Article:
1The FCA's effective and proportionate use of its enforcement powers plays an important role in the pursuit of its statutory objectives, including its operational objectives of securing an appropriate degree of protection for consumers, protecting and enhancing the integrity of the UK financial system, and promoting effective competition in the interests of consumers. For example, using enforcement helps to contribute to the protection of consumers and to deter future contraventions
1The FCA is also mindful that whilst the winding up of an unauthorised company or partnership should bring an end to any unlawful activity, this is not necessarily the effect of bankruptcy or sequestration. The FCA may, in certain cases, consider the use of powers to petition for bankruptcy or sequestration in conjunction with the use of other powers to seek injunctions and other relief from the court. In particular, where the individual controls assets belonging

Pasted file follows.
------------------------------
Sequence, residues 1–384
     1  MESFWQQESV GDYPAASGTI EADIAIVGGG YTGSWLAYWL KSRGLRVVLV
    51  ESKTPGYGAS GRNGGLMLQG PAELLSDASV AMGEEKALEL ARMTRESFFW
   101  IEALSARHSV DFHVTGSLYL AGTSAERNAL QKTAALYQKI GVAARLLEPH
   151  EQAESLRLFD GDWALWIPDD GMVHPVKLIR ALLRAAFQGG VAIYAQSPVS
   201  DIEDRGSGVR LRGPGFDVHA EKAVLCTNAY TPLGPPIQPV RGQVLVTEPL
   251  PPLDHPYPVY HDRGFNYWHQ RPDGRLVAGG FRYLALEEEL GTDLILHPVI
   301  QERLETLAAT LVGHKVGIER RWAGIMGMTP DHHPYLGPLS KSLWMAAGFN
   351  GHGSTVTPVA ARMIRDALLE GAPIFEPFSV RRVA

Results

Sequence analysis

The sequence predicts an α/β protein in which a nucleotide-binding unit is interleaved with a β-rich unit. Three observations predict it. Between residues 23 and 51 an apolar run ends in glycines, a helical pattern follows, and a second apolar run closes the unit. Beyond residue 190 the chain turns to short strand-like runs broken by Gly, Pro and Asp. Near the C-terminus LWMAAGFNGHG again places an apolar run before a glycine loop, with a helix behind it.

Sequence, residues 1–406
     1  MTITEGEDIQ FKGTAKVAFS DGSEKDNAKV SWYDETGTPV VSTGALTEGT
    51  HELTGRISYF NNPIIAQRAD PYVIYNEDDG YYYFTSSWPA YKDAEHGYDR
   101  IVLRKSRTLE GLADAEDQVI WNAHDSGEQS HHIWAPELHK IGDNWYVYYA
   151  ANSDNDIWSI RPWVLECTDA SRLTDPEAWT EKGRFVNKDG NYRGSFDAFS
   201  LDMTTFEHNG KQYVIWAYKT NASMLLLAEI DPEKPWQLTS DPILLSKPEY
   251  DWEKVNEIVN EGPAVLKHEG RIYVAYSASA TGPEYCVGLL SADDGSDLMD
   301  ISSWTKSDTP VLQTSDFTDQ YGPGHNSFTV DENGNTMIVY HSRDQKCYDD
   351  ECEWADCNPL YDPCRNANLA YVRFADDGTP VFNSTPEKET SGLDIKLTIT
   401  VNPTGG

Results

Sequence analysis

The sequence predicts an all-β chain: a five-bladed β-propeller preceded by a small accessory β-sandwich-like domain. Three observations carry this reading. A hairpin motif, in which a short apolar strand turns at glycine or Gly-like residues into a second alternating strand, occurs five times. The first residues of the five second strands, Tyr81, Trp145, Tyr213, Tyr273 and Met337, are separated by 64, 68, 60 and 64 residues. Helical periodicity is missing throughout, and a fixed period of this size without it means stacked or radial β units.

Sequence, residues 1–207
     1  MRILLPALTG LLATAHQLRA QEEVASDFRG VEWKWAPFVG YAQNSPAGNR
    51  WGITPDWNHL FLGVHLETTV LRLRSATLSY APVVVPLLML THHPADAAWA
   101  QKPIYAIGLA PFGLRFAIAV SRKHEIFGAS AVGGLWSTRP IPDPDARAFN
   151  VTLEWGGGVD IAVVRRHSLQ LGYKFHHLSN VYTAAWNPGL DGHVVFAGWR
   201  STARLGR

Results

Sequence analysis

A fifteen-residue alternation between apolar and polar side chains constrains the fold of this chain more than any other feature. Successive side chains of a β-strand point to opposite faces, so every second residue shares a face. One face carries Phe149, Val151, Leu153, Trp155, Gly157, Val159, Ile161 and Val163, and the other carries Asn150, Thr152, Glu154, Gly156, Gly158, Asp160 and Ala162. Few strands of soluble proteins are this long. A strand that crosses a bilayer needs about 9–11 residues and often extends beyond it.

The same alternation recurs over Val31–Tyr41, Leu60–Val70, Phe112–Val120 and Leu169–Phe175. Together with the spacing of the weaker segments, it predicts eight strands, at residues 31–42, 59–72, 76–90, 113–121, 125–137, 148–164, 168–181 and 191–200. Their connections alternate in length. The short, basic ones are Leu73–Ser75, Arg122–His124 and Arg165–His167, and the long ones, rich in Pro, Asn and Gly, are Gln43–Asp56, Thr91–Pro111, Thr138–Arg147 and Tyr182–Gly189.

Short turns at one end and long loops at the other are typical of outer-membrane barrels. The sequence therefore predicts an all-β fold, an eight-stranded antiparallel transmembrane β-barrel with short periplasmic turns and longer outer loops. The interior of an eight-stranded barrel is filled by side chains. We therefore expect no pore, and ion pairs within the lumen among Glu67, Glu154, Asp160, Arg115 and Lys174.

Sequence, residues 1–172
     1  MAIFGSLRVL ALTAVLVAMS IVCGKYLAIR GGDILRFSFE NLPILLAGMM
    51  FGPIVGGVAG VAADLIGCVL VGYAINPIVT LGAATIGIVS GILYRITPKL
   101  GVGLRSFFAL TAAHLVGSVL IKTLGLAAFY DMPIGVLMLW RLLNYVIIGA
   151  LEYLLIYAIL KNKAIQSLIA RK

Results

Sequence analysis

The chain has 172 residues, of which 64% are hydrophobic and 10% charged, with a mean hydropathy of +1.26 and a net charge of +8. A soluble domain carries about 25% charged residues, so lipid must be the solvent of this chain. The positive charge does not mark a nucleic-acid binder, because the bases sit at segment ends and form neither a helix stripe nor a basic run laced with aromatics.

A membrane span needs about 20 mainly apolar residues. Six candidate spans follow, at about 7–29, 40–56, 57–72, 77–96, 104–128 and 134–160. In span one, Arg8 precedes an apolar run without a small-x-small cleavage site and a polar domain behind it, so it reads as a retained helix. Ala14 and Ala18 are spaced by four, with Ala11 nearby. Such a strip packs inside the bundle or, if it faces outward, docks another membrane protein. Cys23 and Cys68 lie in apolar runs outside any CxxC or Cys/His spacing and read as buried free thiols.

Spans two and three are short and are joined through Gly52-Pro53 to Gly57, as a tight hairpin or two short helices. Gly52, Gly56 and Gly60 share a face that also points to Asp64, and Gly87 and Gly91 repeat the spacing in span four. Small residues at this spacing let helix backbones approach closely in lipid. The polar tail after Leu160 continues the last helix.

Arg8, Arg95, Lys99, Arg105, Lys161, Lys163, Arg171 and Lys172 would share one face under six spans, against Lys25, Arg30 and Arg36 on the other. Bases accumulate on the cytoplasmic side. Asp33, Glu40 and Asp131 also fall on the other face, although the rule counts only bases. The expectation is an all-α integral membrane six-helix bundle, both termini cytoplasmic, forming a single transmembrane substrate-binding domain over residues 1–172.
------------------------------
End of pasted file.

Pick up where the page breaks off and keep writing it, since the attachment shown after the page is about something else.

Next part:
If FCA2 staff recommend that action be taken and they consider that the decision falls within the responsibility of a senior staff committee:2(1) in general the FCA2 staff's recommendation will go before the senior staff committee;2(2) in urgent statutory notice cases for which a senior staff committee is responsible, the decision to give the statutory notice may be taken by the chairman or, if he is unavailable, a deputy chairman of the senior staff committee, and, if it is practicable,
In an exceptionally urgent case the decision to give a supervisory notice may be taken by a member of the FCA's1 executive of at least director of division level if:1(1) FCA1 staff consider that the action should be taken before a recommendation to the Chairman or a Deputy Chairman of the RDC can be made; and1(2) an urgent decision on the proposed action is necessary to protect the interests of consumers.